Skip Navigation

Slandering Satan: Baphomet’s Legal Battle Against Netflix

For those unfamiliar with the seminal piece of Christian fan fiction, Paradise Lost is the epic tale of Satan’s fall from heaven. In over ten thousand lines of British renaissance poetry, John Milton recounts Satan’s failed celestial coup, heavenly war against the angels, and eventual banishment to Hell for eternity. It is a story that, among many other things, reveals the awe and outright fear Satan once commanded in our cultural narratives; the most clear-cut encapsulation of supreme evil. Now, 351 years from his appearance in Paradise Lost, Satan has found himself embroiled in a war the likes of which Milton—or in fact anyone in 17th century—would’ve been hard pressed to imagine: a legal suit against popular streaming and entertainment giant Netflix.

In November, the Satanic Temple launched a $50 million suit against Netflix and its new show, “The Chilling Adventures of Sabrina.” The Satanic Temple strongly objected to the show’s inclusion of a statue of Baphomet, which it claims was cribbed from its own, supposedly authoritative, likeness of a hooved-and-horned Satan (referred to as “Baphomet” when in such a guise). While there is some hilarity in a Satanic organization claiming to have created the one true portrayal of Baphomet, which is truer than any other organizations’ attempts to render an image of Baphomet, the charges levelled against Netflix are pure comedy: copyright infringement, trademark violation, and injury to the business’ (i.e. the Satanic Temple’s) reputation. Satan is apparently due all legal protections owed to any other intellectual property.

Aside from protecting Satan’s image from slanderous use in a teen thriller, the Satanic Temple leadership clarified that they were very concerned that improper use of the image of Baphomet would only propagate misconceptions of Satanism. Co-founder of the Satanic Temple, Lucien Greaves commented that “It does really kind of normalize this notion that the only true meaning of this type of religious identification is one that can be associated with a patriarchal, cannibalistic cult….We’re so inundated with this anti-Satan fiction that a lot of people think it’s superfluous to pursue to a claim like this at all.”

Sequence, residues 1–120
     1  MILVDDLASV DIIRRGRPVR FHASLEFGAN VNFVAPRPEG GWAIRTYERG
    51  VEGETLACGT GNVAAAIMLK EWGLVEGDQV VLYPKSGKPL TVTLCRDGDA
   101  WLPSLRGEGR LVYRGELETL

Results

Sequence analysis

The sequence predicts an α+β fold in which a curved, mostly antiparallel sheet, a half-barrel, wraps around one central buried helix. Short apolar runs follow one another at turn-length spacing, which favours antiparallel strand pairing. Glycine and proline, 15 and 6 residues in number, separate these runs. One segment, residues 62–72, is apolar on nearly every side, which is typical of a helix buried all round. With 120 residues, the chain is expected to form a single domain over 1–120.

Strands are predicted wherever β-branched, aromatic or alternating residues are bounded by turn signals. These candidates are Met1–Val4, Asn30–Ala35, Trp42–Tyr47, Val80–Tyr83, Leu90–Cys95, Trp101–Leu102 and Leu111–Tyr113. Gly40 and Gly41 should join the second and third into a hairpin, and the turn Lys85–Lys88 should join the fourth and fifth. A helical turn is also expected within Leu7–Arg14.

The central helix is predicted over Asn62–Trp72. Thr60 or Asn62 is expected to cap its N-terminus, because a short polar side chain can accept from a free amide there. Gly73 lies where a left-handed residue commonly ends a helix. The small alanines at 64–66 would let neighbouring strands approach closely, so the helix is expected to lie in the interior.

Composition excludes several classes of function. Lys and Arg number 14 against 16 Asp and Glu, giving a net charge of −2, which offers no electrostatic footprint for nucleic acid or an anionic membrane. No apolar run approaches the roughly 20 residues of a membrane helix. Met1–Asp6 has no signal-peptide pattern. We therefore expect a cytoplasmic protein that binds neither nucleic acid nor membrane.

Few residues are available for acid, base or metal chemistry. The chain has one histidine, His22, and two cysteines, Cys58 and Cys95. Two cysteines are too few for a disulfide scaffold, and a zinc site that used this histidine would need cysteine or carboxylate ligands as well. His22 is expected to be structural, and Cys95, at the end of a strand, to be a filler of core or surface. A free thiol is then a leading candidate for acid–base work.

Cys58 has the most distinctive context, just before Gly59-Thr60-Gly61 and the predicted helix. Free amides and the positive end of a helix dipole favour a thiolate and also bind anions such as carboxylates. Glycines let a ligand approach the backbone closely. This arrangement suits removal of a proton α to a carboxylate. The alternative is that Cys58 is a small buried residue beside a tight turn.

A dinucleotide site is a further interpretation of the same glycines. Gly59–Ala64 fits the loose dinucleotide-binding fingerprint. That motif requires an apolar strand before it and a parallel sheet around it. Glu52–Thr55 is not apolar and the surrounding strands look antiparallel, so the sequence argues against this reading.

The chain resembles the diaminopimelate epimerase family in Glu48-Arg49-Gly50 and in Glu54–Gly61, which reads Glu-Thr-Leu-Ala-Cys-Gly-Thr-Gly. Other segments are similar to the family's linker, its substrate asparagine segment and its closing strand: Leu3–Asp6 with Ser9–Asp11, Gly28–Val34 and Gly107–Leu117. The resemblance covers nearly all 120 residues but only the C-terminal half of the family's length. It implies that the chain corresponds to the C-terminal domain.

It is worth pointing out that, for an organization so supposedly upset with the misuse of Satan’s image, they’ve been putting its cultural clout to a lot of use. In 2015, the Satanic Temple crowdfunded the creation of a bronze statue of Baphomet to be placed outside the Oklahoma Capitol in protest of the “Ten Commandments” statue that was planned to be constructed there as well. The statue was allegedly meant as a protest against religious displays on public property. A year later, the Satanic Temple further crowdfunded resources to set up “after school Satan programs” in response to a US government initiative to start “after school Christian programs” in multiple school districts. While the Satanic Temple’s attempts to troll the US government are undeniably funny, one wonders whether Satan himself would object to his image being used for blatantly political purposes that are not definitively Satanic.

Though comic in its absurdity, there is also a deep sense of disappointment in the suit’s existence to begin with. The Satanic Temple, an organization that wields the name of the most anti-authority figure ever conceived of by humans, has submitted to government institutions in order to find justice through a legal framework. Even if Baphomet’s depiction in a Netflix show really is enough to grievously damage its millennia-long reputation, the Satanic Temple’s image has been damaged much more by its decision to engage in such a legal battle in the first place. Satanic, anarchic organizations cannot expect to be taken seriously when they plead trademark violation. The Satanic Temple’s response to Netflix’s defamatory use of Baphomet should be much truer to the organization’s origins and purpose: hexes cast on Netflix’s leadership, and perhaps even a large, authoritatively accurate bronze statue of Baphomet constructed outside of Netflix CEO Reed Hastings’ house. Any wishing to donate to the Satanic Temple’s crowdfund for such an endeavor can find it on

Photo: Baphomet

About the Author

Alexander Vaughan-Williams '20 is a Senior Staff Writer for the Culture Section of the Brown Political Review. Alexander can be reached at